2020-12-17T14:42:49-05:00October 7th, 2018|

Moving to Canada: Getting settled in Toronto

Nerissa Fernandes
Content Lead, Arrive at RBC Ventures

Read my experiences from my first month in Toronto.

How to navigate Toronto by public transit

As I settled in, it took me a couple of weeks to get over the jet lag. Giving myself that time to settle, I planned some of the other important activities, such as getting a personal ID,  for the following month. April also had a few other surprises in store for me, read on to find out what they were.

Public transit in Toronto, commonly referred to as TTC (Toronto Transit Commission),  is a quick and easy way to get around the city. I bought a Presto card from Shoppers Drug Mart because it is the most convenient way to use public transit in the city. The adult card costs $6 and it can be topped up, online or at the station, with various denominations and is very easy to use. It can be used in transits across Toronto, GTA, Hamilton, and Ottawa.

TTC tip: Use a Toronto transit app to help you find transit routes and get transit alerts.

Getting personal identification in Ontario

Having an ID card is essential for all residents and since one can only hold either the Ontario Photo ID or a Drivers License, I decided to apply for the Photo ID by visiting ServiceOntario and applying for it in person. It’s a simple process and the card takes about 4 to 6 weeks to be delivered; I got mine in just five weeks.

Coping with the weather in Ontario

While the weather was supposed to get better in April, the opposite happened – there was a major ice storm in Toronto – another first for me. Temperatures dropped to -12 degree Celsius. I watched the news and learned about the dangers of driving in such weather as there were multiple accidents being reported on the freeway. The view outside was all-white and it felt like peak winter in spring. Cold weather has dry air and that tends to cause nose-bleeds. I wasn’t aware of this initially but when my nose-bleeds didn’t stop, I had to get a humidifier for my room. That solved the problem so I would highly recommend picking one up right away.

Heavy traffic in downtown Toronto

How to meet other newcomers

When the weather got better I had a chance to meet many newcomers, who I’d earlier interacted with on social forums such as Facebook and Whatsapp, in person. It was nice to get to know their stories and experiences. We planned lunches, dinners, and even visited popular tourist attractions in the city together. There is a 2-day city tour that you can sign up for that takes you around the city on the hop-on-hop-off bus. In my opinion, this is the best way to see Toronto.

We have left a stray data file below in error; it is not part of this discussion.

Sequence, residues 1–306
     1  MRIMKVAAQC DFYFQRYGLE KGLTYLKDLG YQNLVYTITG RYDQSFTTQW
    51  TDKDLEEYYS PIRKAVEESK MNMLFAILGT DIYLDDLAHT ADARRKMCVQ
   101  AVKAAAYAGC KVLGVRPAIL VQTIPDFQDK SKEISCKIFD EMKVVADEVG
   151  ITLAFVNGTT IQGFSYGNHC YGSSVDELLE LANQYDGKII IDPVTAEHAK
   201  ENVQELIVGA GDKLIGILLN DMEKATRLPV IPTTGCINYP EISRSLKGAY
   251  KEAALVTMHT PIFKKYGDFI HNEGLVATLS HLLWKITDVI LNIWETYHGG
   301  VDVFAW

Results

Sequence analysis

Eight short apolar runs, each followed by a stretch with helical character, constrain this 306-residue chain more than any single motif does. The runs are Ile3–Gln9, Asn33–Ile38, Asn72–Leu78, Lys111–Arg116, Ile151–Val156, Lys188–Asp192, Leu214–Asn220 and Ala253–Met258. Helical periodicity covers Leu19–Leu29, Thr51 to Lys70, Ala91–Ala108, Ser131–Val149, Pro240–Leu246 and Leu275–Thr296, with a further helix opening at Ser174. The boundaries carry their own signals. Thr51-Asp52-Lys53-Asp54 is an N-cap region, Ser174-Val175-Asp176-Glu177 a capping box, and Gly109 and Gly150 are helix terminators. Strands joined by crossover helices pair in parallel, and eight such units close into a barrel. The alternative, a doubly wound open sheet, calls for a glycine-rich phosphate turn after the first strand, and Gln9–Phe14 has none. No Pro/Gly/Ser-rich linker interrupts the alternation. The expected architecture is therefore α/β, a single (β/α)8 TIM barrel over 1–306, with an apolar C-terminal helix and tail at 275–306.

What to expect from the culture in Toronto

Toronto is a multicultural city and has a very friendly vibe. While you make an effort to adjust to the weather and other day-to-day situations it is also important to familiarize yourself with the local culture. A good way to do this is by watching local television channels and commercials. In the initial days, it is truly an educational experience! Interesting note about food: the portions served in USA and Canada are huge. This wasn’t new to me but most people travelling to North America for the first time will find it shocking. There is also the culture of tipping for most services – at restaurants, for cab rides and so on, which many Indians are not accustomed to. It’s considered a standard practice to tip 15-20% at restaurants as people in the service industry typically get paid below minimum wage so they basically earn their income on tips.

In the month of May, the weather got much better so I was able to go around the city and visit some major tourist attractions. Have a look at my next post for some interesting tips!

Checklist for arriving in Toronto

  • Get a Presto card for hassle-free travel in public transit.
  • Visit ServiceOntario and apply for either photo ID or driving license (requires a test).
  • Explore the city and get to know various neighbourhoods.
  • Interact with locals and get familiar with the Canadian culture.
  • Remember to tip for services – such as at restaurants or cab rides.




About Arrive

Arrive is powered by RBC Ventures Inc, a subsidiary of Royal Bank of Canada. In collaboration with RBC, Arrive is dedicated to helping newcomers achieve their life, career, and financial goals in Canada. An important part of establishing your financial life in Canada is finding the right partner to invest in your financial success. RBC is the largest bank in Canada* and here to be your partner in all of your financial needs. RBC supports Arrive, and with a 150-year commitment to newcomer success in Canada, RBC goes the extra mile in support and funding to ensure that the Arrive newcomer platform is FREE to all. Working with RBC, Arrive can help you get your financial life in Canada started – right now. Learn about your banking options in Canada and be prepared. Click here to book an appointment with an advisor.

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This article offers general information only and is not intended as legal, financial or other professional advice. A professional advisor should be consulted regarding your specific situation. While information presented is believed to be factual and current, its accuracy is not guaranteed and it should not be regarded as a complete analysis of the subjects discussed. All expressions of opinion reflect the judgment of the author(s) as of the date of publication and are subject to change. No endorsement of any third parties or their advice, opinions, information, products or services is expressly given or implied by Royal Bank of Canada or its affiliates.